The Hell! I Missed This Too!

Somehow I’ve been totally oblivious to all sorts of interesting UFO information through the years. I never even paid attention when this Mexico sighting of UFOs (captured by Mexican pilots using infrared camaras) made the media rounds in 2004.

This whole experience of taking an interest in UFOs over the past few weeks, and then finding a labyrinth of stuff that’s making me terribly confused, is a reminder of just how easy it is to “bias filter” out things you think you already know about, or think are crap.

What else am I missing? I’d add that this sighting would not have been obtained but for infrared equipment on board the plane. It’s really creepy to think that UFOs could be hiding in other dimensions, or in other light spectrums, and then occasionally coming out from behind their curtains to astonish us.

Are we really not alone?

Thinking about UFOs feels (to me) like standing before a bottomless and abysmal horror. You could get totally lost in researching it and not be sure what (if anything) you’ve really discovered at the other end of your efforts. Some of the serious UFO researchers (like Jacques Vallee) find the subject only barely decipherable, “an enigma wrapped in a mystery.” I too am sensing that the phenomenon is real, but not fully absorbable. It has a frustratingly spectral quality. When skeptically approaching UFOs, you don’t know what’s real, what’s crazy, or what might be “crazy real.” It really seems that the way the phenomenon manifests itself taxes the limits of the rational, and of human comprehension.

Still, I’m going to continue to try to tackle this subject at least a bit further—but, to echo Lear, this way lies madness?

About Santi Tafarella

I teach writing and literature at Antelope Valley College in California.
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7 Responses to The Hell! I Missed This Too!

  1. nycjeff says:

    James McDonald thought he could sort it all out in a summer. Firestorm by Ann Druffel is worth a read on McDonald’s efforts.

  2. Grad Student says:

    Santi

    “You could get totally lost in researching it and not be sure what (if anything) you’ve really discovered at the other end of your efforts.”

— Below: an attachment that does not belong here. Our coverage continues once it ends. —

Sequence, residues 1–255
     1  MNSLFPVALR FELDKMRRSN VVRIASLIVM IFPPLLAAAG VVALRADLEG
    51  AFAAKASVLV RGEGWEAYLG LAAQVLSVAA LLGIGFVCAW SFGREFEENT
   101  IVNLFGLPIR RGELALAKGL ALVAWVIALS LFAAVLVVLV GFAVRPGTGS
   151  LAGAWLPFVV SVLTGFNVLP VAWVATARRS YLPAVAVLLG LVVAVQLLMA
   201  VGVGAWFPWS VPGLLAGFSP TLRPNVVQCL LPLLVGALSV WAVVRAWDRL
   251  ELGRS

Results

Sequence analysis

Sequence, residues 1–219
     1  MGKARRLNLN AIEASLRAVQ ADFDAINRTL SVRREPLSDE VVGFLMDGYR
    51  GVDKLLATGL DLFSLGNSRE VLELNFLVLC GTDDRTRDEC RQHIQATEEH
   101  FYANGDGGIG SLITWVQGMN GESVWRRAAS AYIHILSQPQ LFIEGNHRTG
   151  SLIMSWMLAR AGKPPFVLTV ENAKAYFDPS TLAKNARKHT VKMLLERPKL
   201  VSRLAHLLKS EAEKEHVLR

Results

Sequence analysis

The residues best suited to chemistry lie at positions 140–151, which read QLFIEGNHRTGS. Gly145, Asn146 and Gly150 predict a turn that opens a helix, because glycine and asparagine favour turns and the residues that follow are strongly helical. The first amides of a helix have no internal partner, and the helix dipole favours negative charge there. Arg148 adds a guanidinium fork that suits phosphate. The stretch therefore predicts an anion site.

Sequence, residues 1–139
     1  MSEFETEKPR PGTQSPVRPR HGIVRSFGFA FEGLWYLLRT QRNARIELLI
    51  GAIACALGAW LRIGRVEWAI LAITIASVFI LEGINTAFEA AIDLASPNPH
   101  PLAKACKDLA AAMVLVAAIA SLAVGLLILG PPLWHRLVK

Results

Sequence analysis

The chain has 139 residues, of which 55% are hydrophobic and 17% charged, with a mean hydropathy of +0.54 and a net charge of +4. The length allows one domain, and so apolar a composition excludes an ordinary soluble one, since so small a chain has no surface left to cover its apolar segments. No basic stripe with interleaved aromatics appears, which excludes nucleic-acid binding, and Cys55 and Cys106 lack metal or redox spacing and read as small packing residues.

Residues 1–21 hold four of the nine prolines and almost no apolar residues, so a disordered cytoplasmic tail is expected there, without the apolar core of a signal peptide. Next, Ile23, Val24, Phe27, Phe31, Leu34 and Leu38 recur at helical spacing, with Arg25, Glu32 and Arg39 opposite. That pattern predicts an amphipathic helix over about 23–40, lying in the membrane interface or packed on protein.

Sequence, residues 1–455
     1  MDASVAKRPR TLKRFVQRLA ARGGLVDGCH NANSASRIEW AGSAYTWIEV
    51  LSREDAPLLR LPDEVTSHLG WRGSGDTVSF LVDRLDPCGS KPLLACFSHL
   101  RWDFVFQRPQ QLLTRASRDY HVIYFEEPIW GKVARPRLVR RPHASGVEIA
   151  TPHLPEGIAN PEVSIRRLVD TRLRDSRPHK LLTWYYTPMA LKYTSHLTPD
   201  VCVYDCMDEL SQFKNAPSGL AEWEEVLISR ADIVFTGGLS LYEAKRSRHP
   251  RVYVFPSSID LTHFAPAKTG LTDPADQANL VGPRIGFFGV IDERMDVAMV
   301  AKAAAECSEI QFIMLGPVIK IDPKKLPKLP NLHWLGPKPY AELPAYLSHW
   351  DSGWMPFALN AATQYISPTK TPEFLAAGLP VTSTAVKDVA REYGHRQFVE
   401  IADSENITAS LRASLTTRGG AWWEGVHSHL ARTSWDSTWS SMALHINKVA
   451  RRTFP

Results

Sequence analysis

Foucault’s Pendulum by Umberto Eco is totally apropos here.

    -Grad Student

  3. santitafarella says:

    NYC Jeff:

    James McDonald? I don’t know who that is. One more UFO angle or personality to learn about? Did he start casually, and end in the bat house?

    —Santi

  4. santitafarella says:

    Grad Student:

    As is Pynchon and DeLillo. Time to read them again.

    —Santi

  5. nycjeff says:

    Santi,
    He was a professor at University of Arizona.
    From what I can tell he was ufology’s best chance at some sort of real progress.
    Ann Druffel wrote a book on him called Firestorm.
    http://www.amazon.com/Firestorm-James-McDonalds-Science-Voyagers/dp/0926524585/ref=sr_1_12?ie=UTF8&s=books&qid=1252982528&sr=8-12
    The book’s a little long, but reading it certainly made me wonder how things would have been different if he had lived longer (he committed suicide), because from reading the book, its interesting to see how little things have changed.
    Tim Binnall also did an interview with Ann Druffel this season.
    -jeff
    sorry for the late response to your response.

  6. fahrusha says:

    The UFO phenomena is real, no one, no one knows exactly what it is, though many poseurs will tell you they do. Get on I-Tunes and download old episodes of the Paracast podcast for an interesting and intelligent look at the phenomena.

  7. santitafarella says:

    Fahrusha:

    In the summer of last year, my dad, who is a UFO fan, got me watching some of these YouTubes, and for a few weeks I found them quite interesting. Unfortunately, my research rather quickly lead me to the conclusion that the “evidence” for UFOs is poor, and I continue to think of those advocating their existence as engaged in pseudoscience. The above video, for example, turns out to be the product of oil drilling platforms releasing fire. The infrared camaras are pointing downward through clouds into the ocean over the Gulf of Mexico. It’s a trick of perspective.

    —Santi

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